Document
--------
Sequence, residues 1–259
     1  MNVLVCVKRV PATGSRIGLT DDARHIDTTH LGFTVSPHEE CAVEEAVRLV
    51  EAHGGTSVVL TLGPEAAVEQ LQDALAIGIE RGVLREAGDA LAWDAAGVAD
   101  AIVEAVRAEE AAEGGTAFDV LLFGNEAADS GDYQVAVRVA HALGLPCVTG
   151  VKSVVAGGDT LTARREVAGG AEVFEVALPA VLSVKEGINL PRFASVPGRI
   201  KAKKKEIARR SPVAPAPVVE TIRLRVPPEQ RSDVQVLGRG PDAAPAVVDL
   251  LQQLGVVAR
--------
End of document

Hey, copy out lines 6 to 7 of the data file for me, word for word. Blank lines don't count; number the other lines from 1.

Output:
   201  KAKKKEIARR SPVAPAPVVE TIRLRVPPEQ RSDVQVLGRG PDAAPAVVDL
   251  LQQLGVVAR